Area wildflowers proving to be late bloomers

LOOK AT THE BRIGHT SIDE— Pink wildfowers decorate the China Flat Trail as it ascends from Oak Park up to Simi Peak. JOHN LOESING/Acorn Newspapers

LOOK AT THE BRIGHT SIDE— Pink wildfowers decorate the China Flat Trail as it ascends from Oak Park up to Simi Peak. JOHN LOESING/Acorn Newspapers

Less than average rainfall and late-season rainstorms might mean this year’s wildflowers will be showing their colorful wares later than normal, ecologists at Santa Monica Mountain National Recreation Area say.

Normally at this point in the season the wildflowers would be in full bloom, but so far park rangers report only seeing a few prickly phlox, currants, Indian paintbrush, bush lupine and California brittlebush. Still, hope is not lost.

“The recent rains that we’ve had are encouraging,” said Joey Algiers, a National Park Service restoration ecologist. “What was looking like a bad year for wildflowers could turn around, potentially peaking in mid to late April.”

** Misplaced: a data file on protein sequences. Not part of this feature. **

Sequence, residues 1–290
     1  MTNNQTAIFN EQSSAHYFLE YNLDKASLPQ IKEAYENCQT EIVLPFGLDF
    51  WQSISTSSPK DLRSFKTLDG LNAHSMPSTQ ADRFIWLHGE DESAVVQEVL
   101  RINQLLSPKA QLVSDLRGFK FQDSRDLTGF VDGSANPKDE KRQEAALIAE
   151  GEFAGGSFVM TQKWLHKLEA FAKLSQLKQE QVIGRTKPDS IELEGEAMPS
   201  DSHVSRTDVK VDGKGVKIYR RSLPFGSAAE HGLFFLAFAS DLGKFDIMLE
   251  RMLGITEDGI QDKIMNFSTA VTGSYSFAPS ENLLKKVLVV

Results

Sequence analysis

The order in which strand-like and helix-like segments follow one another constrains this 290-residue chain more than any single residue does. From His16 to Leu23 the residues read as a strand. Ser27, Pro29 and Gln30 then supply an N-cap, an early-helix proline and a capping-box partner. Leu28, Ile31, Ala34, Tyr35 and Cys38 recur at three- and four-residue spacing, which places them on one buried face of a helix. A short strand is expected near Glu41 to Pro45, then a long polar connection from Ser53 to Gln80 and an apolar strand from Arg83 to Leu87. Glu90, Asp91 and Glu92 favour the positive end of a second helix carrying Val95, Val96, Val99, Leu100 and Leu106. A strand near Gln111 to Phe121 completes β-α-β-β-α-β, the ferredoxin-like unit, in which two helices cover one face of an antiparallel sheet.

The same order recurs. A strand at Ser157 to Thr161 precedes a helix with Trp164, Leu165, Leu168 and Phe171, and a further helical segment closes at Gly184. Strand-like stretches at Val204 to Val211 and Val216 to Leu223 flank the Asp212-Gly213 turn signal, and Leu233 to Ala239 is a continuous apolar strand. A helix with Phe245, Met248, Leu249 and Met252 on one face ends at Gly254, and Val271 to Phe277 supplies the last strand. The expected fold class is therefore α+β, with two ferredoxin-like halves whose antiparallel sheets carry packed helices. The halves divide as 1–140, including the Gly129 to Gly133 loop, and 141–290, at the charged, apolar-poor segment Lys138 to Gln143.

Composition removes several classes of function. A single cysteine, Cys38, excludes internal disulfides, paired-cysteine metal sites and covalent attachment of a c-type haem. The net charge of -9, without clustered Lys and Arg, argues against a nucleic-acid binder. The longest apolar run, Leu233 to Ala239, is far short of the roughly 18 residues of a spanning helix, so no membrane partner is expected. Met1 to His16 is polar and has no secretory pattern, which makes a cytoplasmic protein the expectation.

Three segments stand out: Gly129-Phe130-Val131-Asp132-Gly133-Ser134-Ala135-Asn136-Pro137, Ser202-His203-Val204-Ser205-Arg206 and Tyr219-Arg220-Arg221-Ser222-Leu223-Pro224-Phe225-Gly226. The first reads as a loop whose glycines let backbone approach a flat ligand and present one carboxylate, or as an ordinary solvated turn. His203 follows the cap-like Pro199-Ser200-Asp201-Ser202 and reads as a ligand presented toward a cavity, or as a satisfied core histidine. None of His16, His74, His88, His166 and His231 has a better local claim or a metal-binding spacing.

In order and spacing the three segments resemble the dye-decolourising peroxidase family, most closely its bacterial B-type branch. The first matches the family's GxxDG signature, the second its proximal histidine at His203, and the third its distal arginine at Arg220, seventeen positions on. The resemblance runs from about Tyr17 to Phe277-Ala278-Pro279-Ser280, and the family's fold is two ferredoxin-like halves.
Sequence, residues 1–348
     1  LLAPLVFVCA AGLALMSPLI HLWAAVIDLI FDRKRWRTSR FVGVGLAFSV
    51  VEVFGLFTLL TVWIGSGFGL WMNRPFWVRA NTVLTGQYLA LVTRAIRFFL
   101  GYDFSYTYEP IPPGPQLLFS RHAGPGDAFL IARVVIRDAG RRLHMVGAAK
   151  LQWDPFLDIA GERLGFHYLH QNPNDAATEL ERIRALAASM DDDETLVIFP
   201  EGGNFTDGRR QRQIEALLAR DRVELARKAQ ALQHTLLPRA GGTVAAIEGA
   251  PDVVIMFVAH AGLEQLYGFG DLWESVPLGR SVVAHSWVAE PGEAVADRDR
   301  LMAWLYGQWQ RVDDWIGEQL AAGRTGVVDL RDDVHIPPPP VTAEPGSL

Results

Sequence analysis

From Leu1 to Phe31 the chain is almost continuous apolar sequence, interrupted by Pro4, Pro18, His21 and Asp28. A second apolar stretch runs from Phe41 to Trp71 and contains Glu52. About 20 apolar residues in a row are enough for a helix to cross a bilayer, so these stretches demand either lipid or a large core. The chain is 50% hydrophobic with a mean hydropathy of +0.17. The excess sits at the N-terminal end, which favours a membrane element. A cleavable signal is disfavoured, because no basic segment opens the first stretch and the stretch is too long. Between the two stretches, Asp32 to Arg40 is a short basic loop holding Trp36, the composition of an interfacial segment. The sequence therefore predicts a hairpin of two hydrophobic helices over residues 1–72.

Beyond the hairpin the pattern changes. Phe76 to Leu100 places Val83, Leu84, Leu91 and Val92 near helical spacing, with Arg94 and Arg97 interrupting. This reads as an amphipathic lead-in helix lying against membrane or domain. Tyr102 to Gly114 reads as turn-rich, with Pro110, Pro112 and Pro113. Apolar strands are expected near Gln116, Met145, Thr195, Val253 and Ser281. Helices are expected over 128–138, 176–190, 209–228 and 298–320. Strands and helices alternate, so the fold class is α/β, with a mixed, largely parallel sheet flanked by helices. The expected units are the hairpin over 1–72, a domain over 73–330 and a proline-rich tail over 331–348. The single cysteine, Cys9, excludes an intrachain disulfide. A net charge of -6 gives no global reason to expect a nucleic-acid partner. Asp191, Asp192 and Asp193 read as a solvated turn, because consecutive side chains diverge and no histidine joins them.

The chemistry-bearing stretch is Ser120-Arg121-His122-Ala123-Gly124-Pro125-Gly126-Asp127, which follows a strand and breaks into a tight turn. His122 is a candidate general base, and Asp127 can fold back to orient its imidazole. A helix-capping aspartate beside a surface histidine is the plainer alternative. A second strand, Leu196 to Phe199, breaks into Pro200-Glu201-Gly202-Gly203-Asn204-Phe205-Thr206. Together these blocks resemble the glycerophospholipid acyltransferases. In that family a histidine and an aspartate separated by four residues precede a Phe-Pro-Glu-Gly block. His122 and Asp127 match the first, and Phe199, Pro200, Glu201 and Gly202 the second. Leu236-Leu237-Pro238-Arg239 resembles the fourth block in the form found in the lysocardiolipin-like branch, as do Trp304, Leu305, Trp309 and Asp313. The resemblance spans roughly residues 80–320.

It’s been a confusing winter season for plants, Algiers said. First, it was warm, then it got dry and then it became cold, followed by frost and heavy rains.

At the weather recording station in Cheeseboro Canyon in Agoura Hills, there’s been a little over 7 inches of precipitation so far. Last year, more than 18 inches had fallen by this time. “The cues are sort of out of whack,” Algiers said. “Plants respond to temperature, water and sunlight cues.”

Ralph Waycott, a volunteer who has been leading hikes through the Backbone Trail for 15 years, says he will typically see 150 or more species in bloom, with sometimes 100 or more species clustered in the most prolific segment.

“There are a few things coming up,” Waycott said. “Plants are just now getting to the blooming schedule. They’re late bloomers this year.”

A few of the recommended locations to see wildflowers in the Santa Monica Mountains are Malibu Creek State Park, the China Flat area in Cheeseboro Canyon and Rancho Sierra Vista in Newbury Park.